Like many men, I am a lazy, good-for-nothing, selfish, forgetful, patronising, sex-obsessed bastard who drinks too much. Or so my wife points out. It's strange that I have ended up like this. I tried not to. I really did.

Britain's World War II films were more than just propaganda

As a new television series explores the archives of British wartime films and documentaries, Gerard Gilbert discovers an intimacy and artistry that go far beyond public information

Solzhenitsyn's widow takes Putin to task

Vladimir Putin received a rare public rebuff from the widow of Alexander Solzhenitsyn for using the term "propaganda" in discussing the author's account of Soviet Gulag life, The Gulag Archipelago.

Hacktivists and militants exploit web recruits

Terrorist groups that have long used the internet to spread propaganda are increasingly tapping the web to teach Islamic extremists how to be hackers, recruit techies for cyberwarfare and raise money through online fraud, US officials say.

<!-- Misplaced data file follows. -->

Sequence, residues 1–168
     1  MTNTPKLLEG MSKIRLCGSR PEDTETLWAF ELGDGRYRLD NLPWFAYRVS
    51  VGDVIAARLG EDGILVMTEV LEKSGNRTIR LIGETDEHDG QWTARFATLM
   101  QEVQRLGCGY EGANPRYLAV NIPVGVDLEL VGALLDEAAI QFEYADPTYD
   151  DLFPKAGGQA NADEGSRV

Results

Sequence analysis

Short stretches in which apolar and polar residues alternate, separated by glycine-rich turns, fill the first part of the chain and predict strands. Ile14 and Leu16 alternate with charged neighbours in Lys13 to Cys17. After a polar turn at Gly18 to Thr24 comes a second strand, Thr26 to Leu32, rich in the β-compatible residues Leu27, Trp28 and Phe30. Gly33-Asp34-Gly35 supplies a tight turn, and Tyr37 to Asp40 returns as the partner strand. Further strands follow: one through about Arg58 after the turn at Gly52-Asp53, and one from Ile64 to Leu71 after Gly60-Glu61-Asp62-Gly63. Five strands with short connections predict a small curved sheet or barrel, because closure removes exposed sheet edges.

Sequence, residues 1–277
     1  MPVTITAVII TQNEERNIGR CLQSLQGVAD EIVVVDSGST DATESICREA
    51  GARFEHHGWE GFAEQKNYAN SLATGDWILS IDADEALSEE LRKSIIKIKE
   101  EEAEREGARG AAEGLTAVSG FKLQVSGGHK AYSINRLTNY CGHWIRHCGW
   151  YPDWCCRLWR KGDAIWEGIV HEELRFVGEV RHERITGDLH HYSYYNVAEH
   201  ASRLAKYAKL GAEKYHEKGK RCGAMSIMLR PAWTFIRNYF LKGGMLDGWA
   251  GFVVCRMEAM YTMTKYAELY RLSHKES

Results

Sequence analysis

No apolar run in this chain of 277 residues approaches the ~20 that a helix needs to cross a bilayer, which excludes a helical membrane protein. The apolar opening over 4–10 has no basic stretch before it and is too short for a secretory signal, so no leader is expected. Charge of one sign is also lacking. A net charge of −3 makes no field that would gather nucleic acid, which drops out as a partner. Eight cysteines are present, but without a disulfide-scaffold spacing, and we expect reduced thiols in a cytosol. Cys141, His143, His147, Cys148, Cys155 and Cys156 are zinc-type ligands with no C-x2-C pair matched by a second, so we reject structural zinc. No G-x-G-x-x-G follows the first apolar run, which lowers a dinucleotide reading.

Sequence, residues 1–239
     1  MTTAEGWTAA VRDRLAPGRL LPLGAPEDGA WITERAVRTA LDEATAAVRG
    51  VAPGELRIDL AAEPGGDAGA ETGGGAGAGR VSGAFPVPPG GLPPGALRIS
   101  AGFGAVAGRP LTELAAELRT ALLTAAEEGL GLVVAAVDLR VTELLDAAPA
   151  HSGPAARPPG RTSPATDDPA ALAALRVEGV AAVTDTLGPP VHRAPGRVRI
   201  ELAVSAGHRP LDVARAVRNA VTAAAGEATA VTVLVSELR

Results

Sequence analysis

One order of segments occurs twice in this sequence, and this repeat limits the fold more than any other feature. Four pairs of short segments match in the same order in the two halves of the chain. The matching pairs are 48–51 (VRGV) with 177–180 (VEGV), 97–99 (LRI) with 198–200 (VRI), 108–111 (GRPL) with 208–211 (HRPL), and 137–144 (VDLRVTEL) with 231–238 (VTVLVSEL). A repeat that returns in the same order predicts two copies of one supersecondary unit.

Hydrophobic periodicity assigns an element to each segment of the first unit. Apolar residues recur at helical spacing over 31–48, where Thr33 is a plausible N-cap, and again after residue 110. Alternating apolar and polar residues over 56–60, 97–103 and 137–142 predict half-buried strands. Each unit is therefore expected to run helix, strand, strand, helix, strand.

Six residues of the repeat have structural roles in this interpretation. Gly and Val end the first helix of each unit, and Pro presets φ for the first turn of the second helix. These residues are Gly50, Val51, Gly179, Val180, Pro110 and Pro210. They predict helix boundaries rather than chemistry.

Pygmy, By Chuck Palahniuk

It all gets a tad convoluted when 13-year-old Agent 67 infiltrates the US on a terrorist mission

Churchill's Wizards, By Nicholas Rankin

Camouflage and propaganda, fakery and impersonation, phantom generals and mirage armies: "Monty's Double" was the actorly tip of an iceberg of subterfuge that stood the British in good stead through both world wars.

Myth of 'primitive' Jacobite army at Culloden laid to rest

Contrary to legend of claymore-wielding savages, Highland forces were well equipped and trained

Hanif Malik

In our article “7/7 bombers ‘used cash from Children in Need’” (20 August 2008) we said that money from the BBC Children In Need Appeal, given to the Leeds Community School charity, was improperly channelled to the neighbouring bookshop where two of the London bombers worked. We accept the assurance of the school’s founder, Hanif Malik, that no money from the Children In Need Appeal was passed to this bookshop nor to the bombers, nor was any used to pay for propaganda. We are happy to set the record straight and apologise to Mr Malik for any distress caused.

Home Office-funded programme 'broke rules'

A television programme about police community support officers (PCSOs) funded by the Home Office broke broadcasting rules, the communications watchdog said today.

Flat Earth News, By Nick Davies